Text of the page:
Jeni and I just returned from Anchorage, Alaska, the host of the Alaska Forum on the Environment, an annual conference examining issues important to the environment and peoples of Alaska. On Monday afternoon, we attended a panel session titled “Tribal Perspectives on Planning for Climate Change.” To introduce the session, an elder offered a prayer. Then, our Iñupiaq host and friend, Victoria Hykes Steere, told the audience: “You’re the experts because you’re living in it.” I looked around the room. Most were tribal villagers from all across Alaska.
Villagers came to Anchorage to represent their villages from places as far northeast as the Yukon Flats, where rivers like the Porcupine are growing so shallow that villagers can walk across parts of it now and see trails of fishermen’s outboard boat motors etched along the sandy bottom. In the Flats, wild fire is melting the permafrost even though James Callup, a middle-aged man, remembers when temperatures of 80 degrees Fahrenheit below zero in January for weeks at a time were completely normal. They came from as far southeast as Juna, where the harbor seal population is in serious decline. From as far northwest as Golovin, where a buckling airport runway was initially deemed an “optical illusion” before blame was properly assigned to melting permafrost. (There is a new airport now, built higher up on a hill above the village. However, a new school sits in a floodplain and now its foundation is eroding. Elders worry that schoolchildren risk additional health problems—such as asthma and mold—simply by attending school. Golovin has since passed a city ordinance prohibiting any more structures from being built on floodplains. But the school may need to join the airport on the hill.)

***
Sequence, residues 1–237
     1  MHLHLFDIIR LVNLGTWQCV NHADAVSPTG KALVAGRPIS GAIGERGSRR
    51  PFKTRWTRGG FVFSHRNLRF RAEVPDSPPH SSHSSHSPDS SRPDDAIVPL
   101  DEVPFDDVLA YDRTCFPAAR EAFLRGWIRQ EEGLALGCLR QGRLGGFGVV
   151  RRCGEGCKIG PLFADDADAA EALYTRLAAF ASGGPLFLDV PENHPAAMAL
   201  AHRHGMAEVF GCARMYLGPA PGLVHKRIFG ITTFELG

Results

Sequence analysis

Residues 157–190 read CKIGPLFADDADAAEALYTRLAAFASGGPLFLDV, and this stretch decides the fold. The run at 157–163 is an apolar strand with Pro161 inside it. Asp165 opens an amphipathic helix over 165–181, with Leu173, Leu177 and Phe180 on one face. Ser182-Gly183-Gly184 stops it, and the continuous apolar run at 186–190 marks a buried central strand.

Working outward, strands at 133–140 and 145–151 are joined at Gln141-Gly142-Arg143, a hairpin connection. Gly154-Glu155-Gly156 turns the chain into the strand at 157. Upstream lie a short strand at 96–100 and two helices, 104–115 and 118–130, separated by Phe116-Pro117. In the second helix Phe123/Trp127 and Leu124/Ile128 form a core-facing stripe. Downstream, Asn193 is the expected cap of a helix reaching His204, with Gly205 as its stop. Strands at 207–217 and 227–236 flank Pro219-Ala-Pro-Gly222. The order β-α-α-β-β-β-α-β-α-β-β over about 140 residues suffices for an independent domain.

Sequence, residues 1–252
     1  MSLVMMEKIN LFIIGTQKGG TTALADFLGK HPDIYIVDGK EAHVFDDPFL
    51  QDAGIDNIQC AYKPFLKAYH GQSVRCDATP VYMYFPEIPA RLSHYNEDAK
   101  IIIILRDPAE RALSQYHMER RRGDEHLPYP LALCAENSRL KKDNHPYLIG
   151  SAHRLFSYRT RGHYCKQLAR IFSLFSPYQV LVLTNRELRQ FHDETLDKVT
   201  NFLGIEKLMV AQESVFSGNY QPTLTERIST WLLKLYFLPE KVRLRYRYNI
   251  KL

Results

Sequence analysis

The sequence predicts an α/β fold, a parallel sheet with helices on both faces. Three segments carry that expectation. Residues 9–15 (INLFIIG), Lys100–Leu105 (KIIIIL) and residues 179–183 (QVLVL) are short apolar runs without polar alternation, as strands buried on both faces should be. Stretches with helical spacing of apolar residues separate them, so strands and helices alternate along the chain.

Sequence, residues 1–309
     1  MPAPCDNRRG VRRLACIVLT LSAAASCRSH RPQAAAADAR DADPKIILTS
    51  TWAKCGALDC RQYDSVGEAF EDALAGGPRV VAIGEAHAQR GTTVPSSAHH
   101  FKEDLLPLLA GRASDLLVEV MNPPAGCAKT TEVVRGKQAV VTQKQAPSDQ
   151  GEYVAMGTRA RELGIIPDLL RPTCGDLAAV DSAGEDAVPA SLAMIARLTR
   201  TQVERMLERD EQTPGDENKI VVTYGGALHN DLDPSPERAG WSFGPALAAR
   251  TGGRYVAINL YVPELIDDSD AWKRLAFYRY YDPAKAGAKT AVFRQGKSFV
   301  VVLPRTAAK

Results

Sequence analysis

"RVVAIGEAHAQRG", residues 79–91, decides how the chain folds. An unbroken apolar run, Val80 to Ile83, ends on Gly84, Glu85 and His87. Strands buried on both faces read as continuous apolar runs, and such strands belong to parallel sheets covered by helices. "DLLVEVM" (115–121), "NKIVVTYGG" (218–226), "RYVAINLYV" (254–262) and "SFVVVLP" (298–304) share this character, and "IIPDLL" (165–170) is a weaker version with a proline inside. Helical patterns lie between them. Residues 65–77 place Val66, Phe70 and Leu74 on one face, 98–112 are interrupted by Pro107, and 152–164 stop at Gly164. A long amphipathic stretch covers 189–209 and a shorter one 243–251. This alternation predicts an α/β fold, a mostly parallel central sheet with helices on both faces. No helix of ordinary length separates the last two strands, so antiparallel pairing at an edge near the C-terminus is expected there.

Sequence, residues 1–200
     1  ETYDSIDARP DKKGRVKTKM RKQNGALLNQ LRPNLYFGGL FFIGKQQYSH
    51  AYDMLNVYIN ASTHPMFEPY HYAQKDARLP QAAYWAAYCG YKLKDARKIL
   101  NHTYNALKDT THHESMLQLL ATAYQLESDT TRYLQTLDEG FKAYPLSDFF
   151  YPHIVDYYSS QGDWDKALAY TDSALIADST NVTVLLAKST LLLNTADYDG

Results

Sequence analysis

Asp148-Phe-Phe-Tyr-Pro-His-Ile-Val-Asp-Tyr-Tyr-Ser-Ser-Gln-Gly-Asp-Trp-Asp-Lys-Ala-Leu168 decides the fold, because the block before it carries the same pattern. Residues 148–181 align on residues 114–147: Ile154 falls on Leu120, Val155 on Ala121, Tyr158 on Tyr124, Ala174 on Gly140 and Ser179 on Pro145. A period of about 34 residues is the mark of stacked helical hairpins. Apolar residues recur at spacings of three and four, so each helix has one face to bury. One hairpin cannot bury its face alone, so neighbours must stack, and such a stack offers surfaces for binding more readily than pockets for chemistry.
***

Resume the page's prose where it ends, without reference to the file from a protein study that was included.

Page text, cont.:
Villagers also came from the upper reaches of the Arctic region, where permits to explore Arctic shipping routes and other lawful actions are regulating the people “out of existence,” because they depend on the same waters for their sustenance. Ida Hildebrand spoke quite powerfully that her peoples are “being regulated out of our cultures. Our fish. Our waters. Our land.”
Villagers came from villages as far west as the coastal village of Newtok. Newtok is one of thirty-one villages that the US Army Corp of Engineers declared must relocate due to severe erosion hazard. Furthermore, Newtok is among one of six Native villages that is in such an immediate threat of danger that it must be completely moved within six to nine years, despite the absence of any federal or state lead agency dedicated to coordinating climate relocation efforts and the complete lack of federal relocation funding available. Stanley Tom, the Tribal Administrator for Newtok’s Council, lobbies for relocation funding in DC every year. But Congress still does not hear him or his people.